The History, 17.10

Ammian  translated by C. D. Yonge

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10When at length their discontent was appeased by various kinds of caresses, and when the Rhine had been crossed by a bridge of boats, which was thrown over it, Severus, the master of the horse, up to that time a brave and energetic soldier, suddenly lost all his vigour.

2And he who had frequently been used to exhort the troops, both in bodies and as individuals, to gallant acts, now seemed a base and timid skulker from battle, as if he feared the approach of death. As we read in the books of Tages that those who are fated to be soon struck by lightning, so lose their senses that they cannot hear thunder, or even greater noises. And he marched on in a lazy way, not natural to him, and even threatened with death the guides, who were leading on the army with a brisk step, if they would not agree to say that they were wholly ignorant of the road any further. So they, fearing his power, and being forbidden to show the way any more, advanced no further.

3But amid this delay, Suomarius, king of the Allemanni, arrived unexpectedly with his suite; and he who had formerly been fierce and eager for any injury to the Romans, was now inclined to regard it as an unexpected gain to be permitted to retain his former possessions. And because his looks and his gait showed him to be a suppliant, he was received as a friend, and desired to be of good cheer. But still he submitted himself to Julian’s discretion, and implored peace on his bended knees. And peace was granted him, with pardon for the past, on condition of giving up our prisoners and of supplying our soldiers with food, whenever it was required, receiving, like any ordinary purveyor, security for payment of what he provided. But he was at the same time warned, that if he did not furnish the required supplies in time he would be liable to be called in question for his former hostility.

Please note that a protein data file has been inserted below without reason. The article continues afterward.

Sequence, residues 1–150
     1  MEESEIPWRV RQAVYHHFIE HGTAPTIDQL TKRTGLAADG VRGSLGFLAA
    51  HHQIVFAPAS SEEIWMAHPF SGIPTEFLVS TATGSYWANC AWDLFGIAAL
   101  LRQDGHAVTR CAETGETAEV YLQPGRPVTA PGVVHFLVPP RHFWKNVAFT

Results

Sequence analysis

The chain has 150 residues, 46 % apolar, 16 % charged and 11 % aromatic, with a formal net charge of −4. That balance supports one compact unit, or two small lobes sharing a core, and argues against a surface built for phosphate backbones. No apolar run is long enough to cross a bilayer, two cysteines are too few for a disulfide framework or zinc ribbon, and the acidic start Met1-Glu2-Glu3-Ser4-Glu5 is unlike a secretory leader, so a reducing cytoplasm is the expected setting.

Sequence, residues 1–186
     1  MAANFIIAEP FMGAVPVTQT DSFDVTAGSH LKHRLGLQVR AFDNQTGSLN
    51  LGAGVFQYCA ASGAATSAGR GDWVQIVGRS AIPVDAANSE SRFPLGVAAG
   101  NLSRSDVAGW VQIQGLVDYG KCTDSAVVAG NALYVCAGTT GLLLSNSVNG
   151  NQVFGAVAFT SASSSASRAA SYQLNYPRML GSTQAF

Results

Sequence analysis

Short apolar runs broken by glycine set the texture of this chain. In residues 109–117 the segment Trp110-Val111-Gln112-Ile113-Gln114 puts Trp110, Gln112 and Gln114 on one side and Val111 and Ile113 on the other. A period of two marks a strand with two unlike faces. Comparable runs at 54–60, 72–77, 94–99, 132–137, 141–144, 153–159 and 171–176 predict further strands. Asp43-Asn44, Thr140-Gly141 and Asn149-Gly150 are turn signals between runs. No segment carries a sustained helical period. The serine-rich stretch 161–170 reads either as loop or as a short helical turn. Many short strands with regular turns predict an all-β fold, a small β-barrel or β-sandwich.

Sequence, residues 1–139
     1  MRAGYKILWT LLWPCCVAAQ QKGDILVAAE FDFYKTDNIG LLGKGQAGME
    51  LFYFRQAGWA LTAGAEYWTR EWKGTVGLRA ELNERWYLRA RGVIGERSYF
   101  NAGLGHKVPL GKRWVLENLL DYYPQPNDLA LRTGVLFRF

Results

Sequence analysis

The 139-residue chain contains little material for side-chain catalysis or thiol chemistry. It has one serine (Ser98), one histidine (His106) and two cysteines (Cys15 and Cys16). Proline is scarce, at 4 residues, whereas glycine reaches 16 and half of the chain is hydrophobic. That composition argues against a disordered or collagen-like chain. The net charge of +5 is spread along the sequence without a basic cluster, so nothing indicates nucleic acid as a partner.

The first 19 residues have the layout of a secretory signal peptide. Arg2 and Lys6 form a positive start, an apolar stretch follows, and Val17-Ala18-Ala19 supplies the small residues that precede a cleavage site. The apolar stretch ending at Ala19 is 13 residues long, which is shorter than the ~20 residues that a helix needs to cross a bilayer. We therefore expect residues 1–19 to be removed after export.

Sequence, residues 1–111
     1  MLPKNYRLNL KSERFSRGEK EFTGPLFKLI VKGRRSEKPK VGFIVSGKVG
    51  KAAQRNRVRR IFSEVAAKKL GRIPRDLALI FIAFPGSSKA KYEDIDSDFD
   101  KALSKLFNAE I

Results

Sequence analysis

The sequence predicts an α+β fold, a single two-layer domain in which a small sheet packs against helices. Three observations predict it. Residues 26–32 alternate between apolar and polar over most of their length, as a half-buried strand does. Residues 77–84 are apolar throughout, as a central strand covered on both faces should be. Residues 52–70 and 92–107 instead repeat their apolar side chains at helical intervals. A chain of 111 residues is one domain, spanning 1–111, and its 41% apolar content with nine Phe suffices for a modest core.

4And that which had been discreetly planned was carried out without hindrance. Julian desiring to reach a town belonging to another chieftain, named Hortarius, towards which object nothing seemed wanting but guides, gave orders to Nestica, a tribune of the Scutarii, and to Chariettoa, a man of marvellous courage, to take great pains to capture a prisoner and to bring him to him. A youth of the Allemanni was speedily caught and brought before him, who, on condition of obtaining his freedom, promised to show the road. The army, following him as its guide, was soon obstructed by an abattis of lofty trees, which had been cut down; but by taking long and circuitous paths, they at last came to the desired spot, and the soldiers in their rage laid waste the fields with fire, carried off the cattle and the inhabitants, and slew all who resisted without mercy.

5The king, bewildered at this disaster, seeing the numerous legions, and the remains of his burnt villages, and looking upon the last calamities of fortune as impending over him, of his own accord implored pardon, promising to do all that should be commanded him, and binding himself on oath to restore all his prisoners. For that was the object about which Julian was the most anxious. But still he restored only a few, and detained the greater part of them.

6When Julian knew this, he was filled with just indignation, and when the king came to receive the customary presents, the Cæsar refused to release his four companions, on whose support and fidelity the king principally relied, till all the prisoners were restored.

7But when the king was summoned by the Cæsar to a conference, looking up at him with trembling eyes, he was overcome by the aspect of the conqueror, and overwhelmed by a sense of his own embarrassing condition, and especially by the compulsion under which he was now (since it was reasonable that after so many successes of the Romans that the cities which had been destroyed by the violence of the barbarians should be rebuilt) to supply waggons and materials from his own stores and those of his subjects.

8And after he had promised to do so, and had bound himself with an oath to consent to die if he were guilty of any treachery, he was permitted to return to his own country. For he could not be compelled to furnish provisions like Suomarius, because his land had been so utterly laid waste that nothing could be found on it for him to give.

9Thus those kings who were formerly so proud and accustomed to grow rich by the plunder of our citizens, were now brought under the Roman yoke; and as if they had been born and brought up among our tributaries, they submitted to our commands, though with reluctance. And when these events were thus brought to a conclusion, the Cæsar distributed his army among its usual stations, and returned to his winter quarters.

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